Keep in mind, the better placed and more absorbent your drop cloths are the less water you will need for cleaning up. Another drop cloth is also necessary to go under your water filled paint tray.
Using your tray full of hot vinegar water wet the roller cover. With the cover damp, roll a small area of wallpaper close to a seam in the same fashion as you would if you where painting the walls. Let your wet paper sit for a few minutes (5 to 10) then roll the wallpaper again.
You should be able to see a change in the papers coloring (usually gets darker). With a wide drywall knife (3" to 6") and starting at the seam gently removing wallpaper glue and the wet wallpaper.
Vinyl wallpapers usually start to come off at the top layer first. As the top layer is removed pull the vinyl away then roll hot water onto the paper that's still stuck to the wall. Now, let your water sit and soak into the stuck on paper.
Once your water absorbs into the paper begin removing wallpaper glue and the wallpaper with a drywall knife. If the wallpaper doesn't come off very well you may need to apply more water, let the water sit, then try scraping again.
When doing the test and you find your paper does comes off easily keep wetting the wall and scraping until all of the old wallpaper is removed. Before doing so, you will need a few more drop cloths along with garbage cans (and bags) for the stripped wet wallpaper.
As you proceed with your project be sure to add clean hot water to your tray or replace the water if it gets to cold and dirty.
REMOVING THE GLUE AND PASTE RESIDUE
Once the paper is removed you will, more than likely, have residue (glue) from the old wallpaper still on your walls. Begin removing wallpaper glue by applying a solution of warm water and TSP (Tri Sodium Phosphate) or other product that your paint store representative advises you to use.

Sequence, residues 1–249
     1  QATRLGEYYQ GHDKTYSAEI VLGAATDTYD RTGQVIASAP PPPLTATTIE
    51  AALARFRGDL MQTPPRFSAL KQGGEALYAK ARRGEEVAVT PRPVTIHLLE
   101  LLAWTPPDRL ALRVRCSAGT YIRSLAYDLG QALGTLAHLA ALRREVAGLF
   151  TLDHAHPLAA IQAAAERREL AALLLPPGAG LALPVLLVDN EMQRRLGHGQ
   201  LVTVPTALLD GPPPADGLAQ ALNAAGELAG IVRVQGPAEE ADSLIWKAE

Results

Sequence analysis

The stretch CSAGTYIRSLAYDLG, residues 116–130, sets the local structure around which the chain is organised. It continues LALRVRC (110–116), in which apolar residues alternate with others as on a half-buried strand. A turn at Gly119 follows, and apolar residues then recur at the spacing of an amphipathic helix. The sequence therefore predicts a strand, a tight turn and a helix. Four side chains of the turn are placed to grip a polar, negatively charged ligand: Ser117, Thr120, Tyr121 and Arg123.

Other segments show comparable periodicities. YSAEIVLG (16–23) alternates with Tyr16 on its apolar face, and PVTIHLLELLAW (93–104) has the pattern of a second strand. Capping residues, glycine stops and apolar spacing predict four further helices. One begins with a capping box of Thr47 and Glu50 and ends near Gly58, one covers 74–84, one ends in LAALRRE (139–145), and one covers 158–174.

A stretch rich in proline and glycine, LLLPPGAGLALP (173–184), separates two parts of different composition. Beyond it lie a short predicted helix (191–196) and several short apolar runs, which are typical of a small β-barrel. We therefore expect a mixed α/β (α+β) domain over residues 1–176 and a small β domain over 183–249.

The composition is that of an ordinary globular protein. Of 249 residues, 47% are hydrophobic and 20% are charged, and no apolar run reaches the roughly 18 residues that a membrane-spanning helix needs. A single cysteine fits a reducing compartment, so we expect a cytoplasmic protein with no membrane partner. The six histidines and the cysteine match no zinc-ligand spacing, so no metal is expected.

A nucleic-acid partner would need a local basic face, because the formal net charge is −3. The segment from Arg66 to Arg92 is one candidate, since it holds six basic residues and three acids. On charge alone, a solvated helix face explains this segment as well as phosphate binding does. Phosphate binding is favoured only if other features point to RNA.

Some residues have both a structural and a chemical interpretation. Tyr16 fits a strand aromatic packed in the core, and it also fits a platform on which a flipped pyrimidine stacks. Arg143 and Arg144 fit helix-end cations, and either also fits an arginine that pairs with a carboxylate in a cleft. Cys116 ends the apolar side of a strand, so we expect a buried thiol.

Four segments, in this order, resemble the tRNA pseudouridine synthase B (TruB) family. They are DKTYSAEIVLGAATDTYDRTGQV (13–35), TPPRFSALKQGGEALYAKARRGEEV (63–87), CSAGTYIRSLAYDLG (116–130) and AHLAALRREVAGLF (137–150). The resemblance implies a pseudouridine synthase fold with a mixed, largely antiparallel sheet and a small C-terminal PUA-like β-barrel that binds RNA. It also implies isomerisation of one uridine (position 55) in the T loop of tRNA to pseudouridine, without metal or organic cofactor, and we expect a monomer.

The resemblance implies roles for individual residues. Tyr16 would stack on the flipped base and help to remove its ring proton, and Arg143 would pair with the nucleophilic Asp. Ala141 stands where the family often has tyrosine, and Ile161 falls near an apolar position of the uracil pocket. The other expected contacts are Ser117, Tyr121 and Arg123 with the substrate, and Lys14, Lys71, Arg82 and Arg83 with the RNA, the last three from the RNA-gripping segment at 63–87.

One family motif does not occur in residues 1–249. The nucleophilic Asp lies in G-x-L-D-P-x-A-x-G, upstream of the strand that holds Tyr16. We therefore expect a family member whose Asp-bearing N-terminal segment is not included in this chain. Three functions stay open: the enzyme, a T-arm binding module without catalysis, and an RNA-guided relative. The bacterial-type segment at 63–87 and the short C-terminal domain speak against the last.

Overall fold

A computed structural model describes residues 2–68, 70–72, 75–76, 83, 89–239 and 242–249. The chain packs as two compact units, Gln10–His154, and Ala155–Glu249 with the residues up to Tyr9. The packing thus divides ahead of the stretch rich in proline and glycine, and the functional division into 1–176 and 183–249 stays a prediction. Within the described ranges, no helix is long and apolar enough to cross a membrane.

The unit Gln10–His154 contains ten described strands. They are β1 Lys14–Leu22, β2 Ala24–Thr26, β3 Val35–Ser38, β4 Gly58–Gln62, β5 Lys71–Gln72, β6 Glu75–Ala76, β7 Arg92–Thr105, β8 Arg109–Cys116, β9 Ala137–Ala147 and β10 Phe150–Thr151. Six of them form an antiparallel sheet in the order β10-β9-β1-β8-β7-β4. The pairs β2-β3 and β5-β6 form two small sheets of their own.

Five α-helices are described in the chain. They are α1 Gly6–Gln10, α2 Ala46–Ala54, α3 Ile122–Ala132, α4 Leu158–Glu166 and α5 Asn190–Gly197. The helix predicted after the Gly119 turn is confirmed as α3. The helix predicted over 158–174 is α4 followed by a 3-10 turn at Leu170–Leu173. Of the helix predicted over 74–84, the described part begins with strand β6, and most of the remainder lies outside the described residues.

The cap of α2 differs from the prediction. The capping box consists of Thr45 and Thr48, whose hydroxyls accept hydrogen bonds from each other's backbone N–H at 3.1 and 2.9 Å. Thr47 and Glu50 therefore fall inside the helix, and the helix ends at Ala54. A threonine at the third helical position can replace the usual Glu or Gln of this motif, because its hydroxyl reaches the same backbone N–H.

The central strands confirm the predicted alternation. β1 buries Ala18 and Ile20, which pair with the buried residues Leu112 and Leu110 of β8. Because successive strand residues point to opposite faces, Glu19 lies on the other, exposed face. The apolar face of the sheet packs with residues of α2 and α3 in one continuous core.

If you'd rather use home remedys for removing wallpaper glue or paste fill a hand sprayer with hot water and one heaping tablespoon of baking soda or four tablespoons of fabric softener.
Spray your solution on, let it sit, then wipe away the excess glue that's left on the walls. I have found, though, that the old glue can be more difficult to remove than the wallpaper itself.
If you have trouble removing wallpaper glue, skim coat the stuck on glue followed by filling any holes and cracks you see with drywall mud and paintable caulking. Sand your repairs with a sponge sander. After the repairs are sanded fill them again if needed, let dry, then sand again. Keep filling and sanding until your walls are smooth and flush.
After the wall surface is ready you can choose your paint. Before doing so, begin the procedures that follow.
- Apply a top quality primer to the walls
- Once the primer is dry, pole sand the walls
- Do repairs (again) using mud or caulking (leave to dry)
- Sand, then spot prime your repairs (leave to dry)
- Paint the walls with a top quality paint (leave to dry)
- Make repairs again, sand, spot paint (if needed)
- Pole sand the walls
- Paint on your final coat
When mudding, less is more, it's always easier
to add more mud after each coat dries as opposed to applying a ton of mud then trying to level the mud out by sanding it flush.